Notes from the field: The University of Wrocław’s Public History Summer School

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Summer School organizer Dorota Wisniewska and keynote speaker Thomas Cauvin. Photo credit:  Malgorzata J. Rymsza-Pawlowska

Author’s Note: Last month, I had the pleasure of attending the Public History Summer School, held in Wroclaw, Poland. The Summer School, which was co-sponsored with the University of Wrocław’s Historical Institute, the local Zajezdnia History Centre, the Jean Monnet Network for Applied Contemporary European History, and the International Federation for Public History (IFPH), ran for four days, and included presentations from scholars all over Europe and beyond. Topics—most of the papers were presented by graduate students and postdoctoral researchers—included everything from memorials and monuments in Ukraine, to the influence of communism on Polish foodways, to Danish Holocaust narratives. Scholarly panels were supplemented by roundtables, discussions, and a keynote by Thomas Cauvin, the president of the IFPH. In his talk, Cauvin traced the different stands of public history scholarship and practices abroad, arguing that international and transnational collaboration can enrich the wider field of public history. I came away from the Summer School very interested in learning more about public history abroad, and eager to speak more with the conference organizers. Joanna Wojdon and Dorota Wisniewska, along with their colleague Magdalena Gibiec, all of the University of Wrocław, organized this summer school. My interview follows.

Malgorzata J. Rymsza-Pawlowska (MJR): Tell us a bit about yourselves.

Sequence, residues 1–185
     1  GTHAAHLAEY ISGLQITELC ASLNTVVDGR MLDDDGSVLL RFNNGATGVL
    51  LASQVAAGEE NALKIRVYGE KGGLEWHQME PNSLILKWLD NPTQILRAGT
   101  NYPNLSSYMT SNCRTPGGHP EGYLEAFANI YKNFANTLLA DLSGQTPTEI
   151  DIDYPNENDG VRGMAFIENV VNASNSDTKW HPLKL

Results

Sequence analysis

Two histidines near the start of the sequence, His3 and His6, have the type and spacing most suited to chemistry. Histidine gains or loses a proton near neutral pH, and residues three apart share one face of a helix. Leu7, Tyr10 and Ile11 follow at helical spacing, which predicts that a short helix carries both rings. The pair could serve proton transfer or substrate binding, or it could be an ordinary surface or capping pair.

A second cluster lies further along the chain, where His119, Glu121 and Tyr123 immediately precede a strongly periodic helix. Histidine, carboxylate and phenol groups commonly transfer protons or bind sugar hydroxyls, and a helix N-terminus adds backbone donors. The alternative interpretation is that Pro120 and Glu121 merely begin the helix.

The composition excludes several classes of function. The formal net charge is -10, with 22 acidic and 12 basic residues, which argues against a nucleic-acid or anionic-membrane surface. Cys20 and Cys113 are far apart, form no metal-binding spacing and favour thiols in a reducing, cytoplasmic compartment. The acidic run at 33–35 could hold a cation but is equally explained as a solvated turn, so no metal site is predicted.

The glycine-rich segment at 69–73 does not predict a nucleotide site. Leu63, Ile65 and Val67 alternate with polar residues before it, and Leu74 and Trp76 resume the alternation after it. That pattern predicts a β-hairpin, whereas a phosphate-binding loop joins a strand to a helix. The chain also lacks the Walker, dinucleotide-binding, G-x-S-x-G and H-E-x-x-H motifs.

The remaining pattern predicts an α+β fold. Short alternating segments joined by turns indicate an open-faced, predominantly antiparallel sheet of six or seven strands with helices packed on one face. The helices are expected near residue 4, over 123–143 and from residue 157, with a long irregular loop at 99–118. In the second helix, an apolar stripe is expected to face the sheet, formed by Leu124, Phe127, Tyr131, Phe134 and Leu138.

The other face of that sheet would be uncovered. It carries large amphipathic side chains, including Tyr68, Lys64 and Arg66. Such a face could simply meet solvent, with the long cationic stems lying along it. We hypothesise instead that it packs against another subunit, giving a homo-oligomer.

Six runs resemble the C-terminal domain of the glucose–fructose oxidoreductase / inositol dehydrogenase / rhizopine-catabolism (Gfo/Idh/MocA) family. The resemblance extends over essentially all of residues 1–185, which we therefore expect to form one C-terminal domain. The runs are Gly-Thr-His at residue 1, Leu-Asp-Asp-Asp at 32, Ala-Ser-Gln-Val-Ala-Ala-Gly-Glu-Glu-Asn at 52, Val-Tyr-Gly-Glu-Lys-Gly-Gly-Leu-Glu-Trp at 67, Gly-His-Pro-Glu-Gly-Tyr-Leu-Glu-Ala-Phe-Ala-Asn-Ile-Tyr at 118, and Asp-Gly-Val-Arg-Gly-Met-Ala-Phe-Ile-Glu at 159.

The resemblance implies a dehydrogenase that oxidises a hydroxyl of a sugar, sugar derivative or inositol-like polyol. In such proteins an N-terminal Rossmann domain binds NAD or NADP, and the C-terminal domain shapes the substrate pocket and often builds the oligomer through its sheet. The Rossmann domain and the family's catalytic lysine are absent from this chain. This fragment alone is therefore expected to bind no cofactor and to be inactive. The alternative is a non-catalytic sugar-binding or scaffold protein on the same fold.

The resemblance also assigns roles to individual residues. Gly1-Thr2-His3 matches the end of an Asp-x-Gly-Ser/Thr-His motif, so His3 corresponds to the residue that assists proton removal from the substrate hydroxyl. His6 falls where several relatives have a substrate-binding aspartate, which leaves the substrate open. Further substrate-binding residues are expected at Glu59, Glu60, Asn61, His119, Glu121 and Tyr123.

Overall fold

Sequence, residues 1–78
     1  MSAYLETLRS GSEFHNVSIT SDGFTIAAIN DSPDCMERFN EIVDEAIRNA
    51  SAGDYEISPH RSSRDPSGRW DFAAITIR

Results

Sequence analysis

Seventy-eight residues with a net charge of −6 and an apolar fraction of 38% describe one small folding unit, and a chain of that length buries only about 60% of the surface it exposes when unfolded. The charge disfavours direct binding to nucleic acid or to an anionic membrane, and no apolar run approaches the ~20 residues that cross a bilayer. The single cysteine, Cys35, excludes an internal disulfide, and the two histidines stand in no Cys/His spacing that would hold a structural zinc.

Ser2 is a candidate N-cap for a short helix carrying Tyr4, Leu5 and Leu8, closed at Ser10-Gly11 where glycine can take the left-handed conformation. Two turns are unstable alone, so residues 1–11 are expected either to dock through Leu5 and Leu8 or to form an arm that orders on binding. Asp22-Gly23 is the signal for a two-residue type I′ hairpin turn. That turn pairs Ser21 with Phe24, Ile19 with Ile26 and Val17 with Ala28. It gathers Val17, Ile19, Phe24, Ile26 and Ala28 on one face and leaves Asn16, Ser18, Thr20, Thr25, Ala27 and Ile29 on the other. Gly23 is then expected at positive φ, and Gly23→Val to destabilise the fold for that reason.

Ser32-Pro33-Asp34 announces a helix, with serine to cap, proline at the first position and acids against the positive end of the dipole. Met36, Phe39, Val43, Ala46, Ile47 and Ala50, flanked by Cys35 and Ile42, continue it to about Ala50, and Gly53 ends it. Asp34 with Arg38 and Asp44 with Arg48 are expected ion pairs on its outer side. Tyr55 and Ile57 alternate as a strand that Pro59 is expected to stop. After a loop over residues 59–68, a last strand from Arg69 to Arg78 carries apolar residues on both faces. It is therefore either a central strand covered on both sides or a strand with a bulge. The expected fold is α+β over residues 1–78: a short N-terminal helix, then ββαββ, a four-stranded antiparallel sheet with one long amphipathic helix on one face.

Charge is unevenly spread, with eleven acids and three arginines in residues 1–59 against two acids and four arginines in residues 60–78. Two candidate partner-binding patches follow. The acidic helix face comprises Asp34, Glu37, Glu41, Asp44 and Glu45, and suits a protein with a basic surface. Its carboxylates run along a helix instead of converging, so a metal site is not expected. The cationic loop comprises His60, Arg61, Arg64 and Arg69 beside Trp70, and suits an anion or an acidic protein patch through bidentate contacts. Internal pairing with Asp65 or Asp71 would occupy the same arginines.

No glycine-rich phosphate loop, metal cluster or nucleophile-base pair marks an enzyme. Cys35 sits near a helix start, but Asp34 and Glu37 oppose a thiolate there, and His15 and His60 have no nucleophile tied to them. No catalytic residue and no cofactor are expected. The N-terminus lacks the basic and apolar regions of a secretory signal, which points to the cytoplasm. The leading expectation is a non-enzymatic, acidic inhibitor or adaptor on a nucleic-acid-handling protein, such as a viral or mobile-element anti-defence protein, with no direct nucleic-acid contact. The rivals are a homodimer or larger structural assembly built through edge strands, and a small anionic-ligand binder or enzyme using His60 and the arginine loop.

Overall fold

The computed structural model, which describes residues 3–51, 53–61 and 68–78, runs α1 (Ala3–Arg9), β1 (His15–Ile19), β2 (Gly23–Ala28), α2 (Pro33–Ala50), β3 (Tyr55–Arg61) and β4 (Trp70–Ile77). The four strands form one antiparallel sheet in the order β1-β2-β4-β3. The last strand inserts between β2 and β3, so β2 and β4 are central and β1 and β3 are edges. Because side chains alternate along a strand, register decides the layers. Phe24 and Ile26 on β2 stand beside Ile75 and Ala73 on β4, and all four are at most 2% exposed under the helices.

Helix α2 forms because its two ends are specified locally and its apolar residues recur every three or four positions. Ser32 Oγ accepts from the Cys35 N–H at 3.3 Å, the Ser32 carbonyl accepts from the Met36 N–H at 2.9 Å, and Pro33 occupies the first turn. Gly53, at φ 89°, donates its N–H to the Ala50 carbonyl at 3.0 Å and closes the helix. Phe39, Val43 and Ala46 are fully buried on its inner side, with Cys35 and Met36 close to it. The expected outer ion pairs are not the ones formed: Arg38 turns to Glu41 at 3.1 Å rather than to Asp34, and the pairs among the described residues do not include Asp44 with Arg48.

Joanna Wojdon (JW): I am an associate professor at the Institute of History, University of Wrocław and a deputy dean at the Faculty of Historical and Pedagogical Sciences. I hated history at school and found it boring and useless—until I started my own historical research. First, it was on the communist impact on school textbooks (recently published in English as Textbooks as Propaganda), and then on Polish American history. But I also wanted to change the popular notion of “boring history.” It brought me first to methodology of teaching history (and teacher training) and then to public history.

Dorota Wiśniewska (DW): I am a PhD candidate at the UWr and at the University of Versailles Saint-Quentin-en-Yvelines, Paris Saclay in the frame of joint international supervision of doctoral thesis (cotutelle). My ongoing research project is titled “Women in Politics in France and Poland in the Second Half of the 18th Century: A Comparative Study of Literary Salons and Correspondences.”

MJR: What is the state of public history (both scholarly and practice) in Poland and how do you think this relates to public history in the rest of Europe?

JW: Similarly to many European countries, public history is more often practiced than conceptualized, both in public history institutions and in academia. People do not know that what they do or research is public history. In some European languages, the very phrase “public history” (historia publiczna) does not sound very well and does not sell very well. This is the reason why there are programs such as “History 2.0” or “heritage in tourism,” but so far, only the University of Wrocław has an MA program in public history as such.

MJR: How did this Summer School come to be? What was the impetus and who was involved in the organization? What were your goals?

DW: Our aim was to discuss public history and public history training in an international milieu. We also wanted to check whether young historians are interested in public history. Last but not least, the summer school is meant to be an opportunity to get to know the university and our new Public History MA program, to be taught in English.